And, speaking of tips, after one exits a roundabout in urban settings, there’s usually a white-striped crosswalk.  Pedestrians have the right-of-way of course, but it’s easy to tell who’s local because the Portuguese assume we’ll stop while tourists look both ways first before setting a foot on the road.  Once we’d “mastered” some of these driving proficiencies, we were still puzzled about the occasional honk we’d get when we signaled to make a left-hand turn.  Finally, we realized that we hadn’t seen many people making them … Another “Duh” moment because the roundabouts also serve as a way to change directions and avoid most situations requiring a left-hand turn.

(Not-so) Common Courtesies. There are of course the usually handicapped parking spaces but there are also signs for preferred parking spaces for pregnant women and parents with children.  And, after some internal fuming about the old women who sashay their way ahead of us in line at the grocery, we learned there’s a common practice of allowing the elderly to go ahead in line. Kind of nice, right?

Preferred seating and priority service

Preferred parking for pregnant women and parents with childrenAt the doctor’s and dentist’s offices, the appointments are on time or only a little late.  And, we kid-you-not, the staff apologizes if they’re running late. We usual get a text message reminder a few days before scheduled appointments and we’ve received calls saying that the staff is running behind and asking us if we could come in later.

At the Movies.  One of our small pleasures, now that we belong to the leisure class, is going to the movies.  Lagos has a small movie theater, right above one of the Chinese stores (that’s a post for another time) with two “salas” or rooms with screens.  A new movie comes to town each week on Thursday and usually there’s one or two for adults, including first-run movies in English with Portuguese subtitles and something good for the kiddies.  The tickets cost about €4 each and a large bag of popcorn is under €2.  We’ve heard they make American-style popcorn occasionally but so far, we’ve just had the typical Portuguese popcorn, a caramelized, slightly sweet treat that’s grown on us.  At this price, we check the offerings weekly and usually go to the matinees where, most times, the “crowd” is less than ten people so we get preferred seating too. This week the offerings are Office Christmas Party, Sing! and the new Star Wars movie, Rogue One. Because Christmas is right around the corner and the holidays have begun, we may have to give up our preferred seating and rub elbows with the crowd to see Rogue One.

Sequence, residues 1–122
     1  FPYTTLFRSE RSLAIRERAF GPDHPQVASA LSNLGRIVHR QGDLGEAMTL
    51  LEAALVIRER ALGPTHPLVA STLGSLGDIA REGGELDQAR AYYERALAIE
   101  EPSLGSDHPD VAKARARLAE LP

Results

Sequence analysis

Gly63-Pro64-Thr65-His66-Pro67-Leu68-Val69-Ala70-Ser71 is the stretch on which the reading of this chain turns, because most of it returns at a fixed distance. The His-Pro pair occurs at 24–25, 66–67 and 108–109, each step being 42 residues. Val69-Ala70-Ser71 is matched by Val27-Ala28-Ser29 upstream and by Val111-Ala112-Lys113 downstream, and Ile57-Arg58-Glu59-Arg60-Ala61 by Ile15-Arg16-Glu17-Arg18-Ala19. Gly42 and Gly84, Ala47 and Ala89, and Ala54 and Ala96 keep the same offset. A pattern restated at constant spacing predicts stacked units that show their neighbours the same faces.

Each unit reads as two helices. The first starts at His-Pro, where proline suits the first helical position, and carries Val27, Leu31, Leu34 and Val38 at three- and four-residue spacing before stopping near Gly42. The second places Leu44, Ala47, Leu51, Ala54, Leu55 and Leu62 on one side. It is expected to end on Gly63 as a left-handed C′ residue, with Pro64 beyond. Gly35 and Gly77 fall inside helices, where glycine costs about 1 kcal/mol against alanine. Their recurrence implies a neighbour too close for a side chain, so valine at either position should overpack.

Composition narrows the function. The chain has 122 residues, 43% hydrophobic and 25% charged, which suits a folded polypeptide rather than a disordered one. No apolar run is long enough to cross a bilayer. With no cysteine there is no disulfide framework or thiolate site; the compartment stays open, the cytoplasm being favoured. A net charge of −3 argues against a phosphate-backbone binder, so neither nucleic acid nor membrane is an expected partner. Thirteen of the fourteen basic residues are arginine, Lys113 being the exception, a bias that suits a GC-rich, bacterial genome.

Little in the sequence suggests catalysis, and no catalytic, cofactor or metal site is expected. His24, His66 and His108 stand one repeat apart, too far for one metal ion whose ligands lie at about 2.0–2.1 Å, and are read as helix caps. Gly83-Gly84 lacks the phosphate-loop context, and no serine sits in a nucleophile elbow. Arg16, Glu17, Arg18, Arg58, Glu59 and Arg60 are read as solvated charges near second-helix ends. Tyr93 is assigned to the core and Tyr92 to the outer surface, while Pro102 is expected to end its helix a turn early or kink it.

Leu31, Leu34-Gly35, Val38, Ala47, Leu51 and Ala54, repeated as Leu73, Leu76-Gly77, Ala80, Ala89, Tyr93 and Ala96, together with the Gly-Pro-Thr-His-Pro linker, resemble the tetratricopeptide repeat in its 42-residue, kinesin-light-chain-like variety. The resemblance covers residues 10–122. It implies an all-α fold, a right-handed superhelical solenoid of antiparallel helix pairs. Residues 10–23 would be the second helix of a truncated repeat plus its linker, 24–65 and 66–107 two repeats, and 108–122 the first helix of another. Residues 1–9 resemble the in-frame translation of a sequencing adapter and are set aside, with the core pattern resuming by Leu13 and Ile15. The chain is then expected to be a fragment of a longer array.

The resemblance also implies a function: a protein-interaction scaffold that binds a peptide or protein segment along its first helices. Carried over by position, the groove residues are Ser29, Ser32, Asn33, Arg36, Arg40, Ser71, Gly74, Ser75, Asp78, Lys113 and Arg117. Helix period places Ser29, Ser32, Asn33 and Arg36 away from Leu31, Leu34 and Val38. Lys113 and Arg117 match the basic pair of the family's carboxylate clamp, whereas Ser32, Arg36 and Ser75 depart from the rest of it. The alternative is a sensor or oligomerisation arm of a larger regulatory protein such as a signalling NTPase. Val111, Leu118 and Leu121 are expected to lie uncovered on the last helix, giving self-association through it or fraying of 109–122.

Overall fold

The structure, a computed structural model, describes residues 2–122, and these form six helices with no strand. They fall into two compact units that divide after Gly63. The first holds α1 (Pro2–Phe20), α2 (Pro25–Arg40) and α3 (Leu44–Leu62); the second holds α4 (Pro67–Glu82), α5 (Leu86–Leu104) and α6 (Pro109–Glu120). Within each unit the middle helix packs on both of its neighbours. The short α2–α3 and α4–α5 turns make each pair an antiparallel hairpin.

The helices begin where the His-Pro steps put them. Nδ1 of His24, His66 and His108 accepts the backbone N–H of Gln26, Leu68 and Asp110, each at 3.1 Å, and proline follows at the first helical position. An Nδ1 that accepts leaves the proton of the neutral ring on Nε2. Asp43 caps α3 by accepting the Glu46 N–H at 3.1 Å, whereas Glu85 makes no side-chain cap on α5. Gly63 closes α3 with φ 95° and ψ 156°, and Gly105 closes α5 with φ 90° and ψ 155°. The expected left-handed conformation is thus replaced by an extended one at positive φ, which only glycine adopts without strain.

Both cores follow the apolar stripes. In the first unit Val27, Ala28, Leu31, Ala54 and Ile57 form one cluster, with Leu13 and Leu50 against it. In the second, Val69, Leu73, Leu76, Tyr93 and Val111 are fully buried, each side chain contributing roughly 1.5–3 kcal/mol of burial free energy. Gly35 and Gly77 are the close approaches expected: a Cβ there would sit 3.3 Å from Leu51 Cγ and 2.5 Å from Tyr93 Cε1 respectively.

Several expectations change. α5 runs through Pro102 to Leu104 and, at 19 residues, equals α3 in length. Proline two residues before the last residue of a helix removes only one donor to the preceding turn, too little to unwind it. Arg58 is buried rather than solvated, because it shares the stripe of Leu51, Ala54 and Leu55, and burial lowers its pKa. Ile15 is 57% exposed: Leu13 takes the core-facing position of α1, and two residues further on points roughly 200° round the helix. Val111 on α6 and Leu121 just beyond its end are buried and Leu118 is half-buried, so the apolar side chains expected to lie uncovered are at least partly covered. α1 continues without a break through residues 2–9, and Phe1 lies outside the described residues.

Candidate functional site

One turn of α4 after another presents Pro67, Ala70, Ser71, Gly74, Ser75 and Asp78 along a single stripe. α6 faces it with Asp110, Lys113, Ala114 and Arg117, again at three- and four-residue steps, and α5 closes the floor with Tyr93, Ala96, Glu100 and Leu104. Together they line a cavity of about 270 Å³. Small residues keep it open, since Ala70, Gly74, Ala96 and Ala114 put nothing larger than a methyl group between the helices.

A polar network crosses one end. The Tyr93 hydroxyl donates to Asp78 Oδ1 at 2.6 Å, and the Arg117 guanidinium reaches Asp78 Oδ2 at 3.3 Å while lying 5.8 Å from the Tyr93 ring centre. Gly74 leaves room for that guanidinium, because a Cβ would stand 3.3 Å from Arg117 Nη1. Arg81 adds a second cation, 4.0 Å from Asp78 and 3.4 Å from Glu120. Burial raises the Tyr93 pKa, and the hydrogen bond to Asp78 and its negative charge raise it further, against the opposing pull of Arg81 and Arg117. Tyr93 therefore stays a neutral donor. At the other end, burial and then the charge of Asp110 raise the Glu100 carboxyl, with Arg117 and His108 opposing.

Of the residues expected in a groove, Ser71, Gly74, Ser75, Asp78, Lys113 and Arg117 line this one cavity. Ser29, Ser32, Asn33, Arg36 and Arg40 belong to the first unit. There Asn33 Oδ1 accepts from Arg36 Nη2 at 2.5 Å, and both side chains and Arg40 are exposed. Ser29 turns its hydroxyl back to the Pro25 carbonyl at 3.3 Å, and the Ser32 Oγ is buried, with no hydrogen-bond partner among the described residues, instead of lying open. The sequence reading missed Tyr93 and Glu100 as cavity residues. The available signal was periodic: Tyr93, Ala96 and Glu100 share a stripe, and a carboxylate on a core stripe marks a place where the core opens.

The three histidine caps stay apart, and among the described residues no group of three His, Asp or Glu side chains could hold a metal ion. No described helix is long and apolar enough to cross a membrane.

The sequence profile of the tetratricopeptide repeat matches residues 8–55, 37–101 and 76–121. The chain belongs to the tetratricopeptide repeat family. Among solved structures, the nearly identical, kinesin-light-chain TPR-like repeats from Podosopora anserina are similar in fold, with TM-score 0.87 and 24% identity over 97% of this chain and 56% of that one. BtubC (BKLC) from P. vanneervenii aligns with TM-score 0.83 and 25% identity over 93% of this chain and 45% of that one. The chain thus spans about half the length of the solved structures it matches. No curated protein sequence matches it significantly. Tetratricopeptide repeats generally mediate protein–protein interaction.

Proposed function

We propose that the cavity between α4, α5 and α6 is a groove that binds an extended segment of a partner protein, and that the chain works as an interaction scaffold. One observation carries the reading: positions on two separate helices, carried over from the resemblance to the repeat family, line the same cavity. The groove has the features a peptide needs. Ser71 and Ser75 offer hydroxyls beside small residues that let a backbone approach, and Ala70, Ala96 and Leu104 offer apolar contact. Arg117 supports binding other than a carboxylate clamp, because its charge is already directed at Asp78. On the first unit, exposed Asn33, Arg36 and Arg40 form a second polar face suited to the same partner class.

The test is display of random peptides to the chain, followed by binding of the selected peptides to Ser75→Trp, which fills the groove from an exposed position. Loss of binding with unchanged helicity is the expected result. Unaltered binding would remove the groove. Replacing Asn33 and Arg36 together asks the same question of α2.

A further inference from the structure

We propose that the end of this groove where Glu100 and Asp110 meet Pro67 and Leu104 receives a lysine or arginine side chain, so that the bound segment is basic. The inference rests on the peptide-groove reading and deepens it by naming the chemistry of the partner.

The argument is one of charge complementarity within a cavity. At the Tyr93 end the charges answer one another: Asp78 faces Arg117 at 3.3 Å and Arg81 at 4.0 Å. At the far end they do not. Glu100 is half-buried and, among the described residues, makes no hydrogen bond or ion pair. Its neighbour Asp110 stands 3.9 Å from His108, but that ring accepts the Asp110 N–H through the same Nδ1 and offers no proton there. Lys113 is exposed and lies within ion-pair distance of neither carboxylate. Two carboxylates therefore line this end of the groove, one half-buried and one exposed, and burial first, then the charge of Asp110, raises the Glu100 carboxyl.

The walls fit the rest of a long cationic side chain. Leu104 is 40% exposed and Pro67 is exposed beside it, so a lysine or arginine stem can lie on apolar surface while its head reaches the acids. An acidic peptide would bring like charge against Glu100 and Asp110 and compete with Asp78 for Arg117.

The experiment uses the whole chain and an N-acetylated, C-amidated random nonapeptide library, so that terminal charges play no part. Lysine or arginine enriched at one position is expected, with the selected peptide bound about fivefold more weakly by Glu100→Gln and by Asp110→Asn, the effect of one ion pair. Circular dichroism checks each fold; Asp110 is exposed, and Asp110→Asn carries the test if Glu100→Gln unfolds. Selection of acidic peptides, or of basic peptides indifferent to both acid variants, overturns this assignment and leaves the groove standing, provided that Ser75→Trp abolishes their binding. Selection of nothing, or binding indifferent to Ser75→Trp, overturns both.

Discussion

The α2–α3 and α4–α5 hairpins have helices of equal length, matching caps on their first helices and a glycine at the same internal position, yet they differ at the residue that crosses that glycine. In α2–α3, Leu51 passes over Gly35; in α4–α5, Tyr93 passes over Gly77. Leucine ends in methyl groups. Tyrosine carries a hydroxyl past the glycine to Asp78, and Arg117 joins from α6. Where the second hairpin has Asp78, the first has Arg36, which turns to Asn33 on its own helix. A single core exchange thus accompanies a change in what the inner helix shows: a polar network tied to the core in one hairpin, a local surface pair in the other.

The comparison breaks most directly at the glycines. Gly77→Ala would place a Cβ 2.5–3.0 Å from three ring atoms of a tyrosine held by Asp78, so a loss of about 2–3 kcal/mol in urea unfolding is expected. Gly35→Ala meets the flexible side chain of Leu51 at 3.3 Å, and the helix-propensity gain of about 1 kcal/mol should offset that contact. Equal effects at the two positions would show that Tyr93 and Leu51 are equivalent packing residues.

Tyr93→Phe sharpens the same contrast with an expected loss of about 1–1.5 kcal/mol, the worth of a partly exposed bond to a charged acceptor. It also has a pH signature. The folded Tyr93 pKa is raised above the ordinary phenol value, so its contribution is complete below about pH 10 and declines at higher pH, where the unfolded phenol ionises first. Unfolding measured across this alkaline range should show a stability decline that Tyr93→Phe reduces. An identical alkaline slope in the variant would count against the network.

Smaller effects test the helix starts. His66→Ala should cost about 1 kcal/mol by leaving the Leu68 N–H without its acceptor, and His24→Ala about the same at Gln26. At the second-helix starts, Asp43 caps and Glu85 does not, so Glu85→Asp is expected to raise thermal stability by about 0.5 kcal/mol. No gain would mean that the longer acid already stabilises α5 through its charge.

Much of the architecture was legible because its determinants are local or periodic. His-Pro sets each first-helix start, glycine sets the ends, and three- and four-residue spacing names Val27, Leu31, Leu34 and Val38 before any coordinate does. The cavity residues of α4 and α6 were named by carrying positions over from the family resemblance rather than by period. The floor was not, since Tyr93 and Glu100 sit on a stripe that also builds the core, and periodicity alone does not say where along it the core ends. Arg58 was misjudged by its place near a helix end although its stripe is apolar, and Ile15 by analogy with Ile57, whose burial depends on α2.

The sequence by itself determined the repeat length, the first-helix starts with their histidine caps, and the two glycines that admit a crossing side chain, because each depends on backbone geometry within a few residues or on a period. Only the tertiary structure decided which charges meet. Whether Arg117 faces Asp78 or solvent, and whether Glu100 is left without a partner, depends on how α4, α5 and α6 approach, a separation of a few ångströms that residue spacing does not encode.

We’ll close this two-part rambling post on basic life skills for expats in Portugal with a note on Time.  Continental Portugal is in the Western European Time (WET) Zone, usually abbreviated as UTC + 00:00.  (Note for you trivia fans like us: UTC stands for Universal Time Coordinated and is the same as GMT or Greenwich Mean Time.)  A reminder to our son in Denver, Colorado: This means we’re seven hours ahead.   Portugal observes daylight saving time and uses the 24-hour clock so appointment times are written as 09:00 or 14:30 rather than 9 AM or 2:30 PM.  The date is written in a DAY-MONTH-YEAR format so today’s date is written 17/12/16 rather than 12/17/16.

So, on this day, a gorgeous, mostly sunny, Saturday afternoon with the temperature high of 17 °C on 17 December 2016 in Lagos, Portugal, we say “tchau!”

By Anita Oliver and Richard Nash

Pedestrian only entrance to historical city of Lagos, Portugal

Pedestrian only entrance to historical city of Lagos, Portugal

 

 

 

Part 1- Figuring It Out Along the way – Life in Portugal

lighthouse at Ponta de Piedade in Lagos

Lighthouse at Ponta da Piedade in Lagos

Traveling and expating means that we have to/get to learn new ways to do things. We, however, like to think of it as a fun exercise in “mental stimulation” that AARP recommends to stem the onslaught of dementia.  Each country we visit has a unique twist on how certain things are done and, despite how Urban Dictionary defines different as a “pseudo-polite way of saying something is unpleasantly weird or unacceptable,” we like to think that differences just are.  And in Portugal, our list of “Not the Same As” keeps growing.  Here are some basics.

Language  In Portugal, the official language is Portuguese.  As we’ve looked through various books and online teaching classes we’ve learned that there are two variants:  Brazilian Portuguese and the correct choice, European Portuguese.  Here in our part of the country, the Algarve, most people speak English, a fact that has made us very lazy but here’s hoping that (someday) we’ll magically acquire the ability to twist our mouths and tongues into the acceptable shapes and pronounce suitable sentences in the correct tense.  So far we’ve evolved from English to Spanglish to Portuglish.

Money  In the US the dollar ($) is king but in Portugal the euro (€) reigns.  What we like are the bills which are different sizes and colors depending on the denomination and, rather than one euro notes, there are one and two euro coins.  The downside is that your wallet can get very heavy, very fast.  Right now, since the dollar is strong, the conversion rate is almost at parity with a euro approximately equal to $1.06 dollar.  This means, with nineteen countries in Europe using the euro, travel is a pretty good deal right now.Euros. Photo by No Particular Place To Go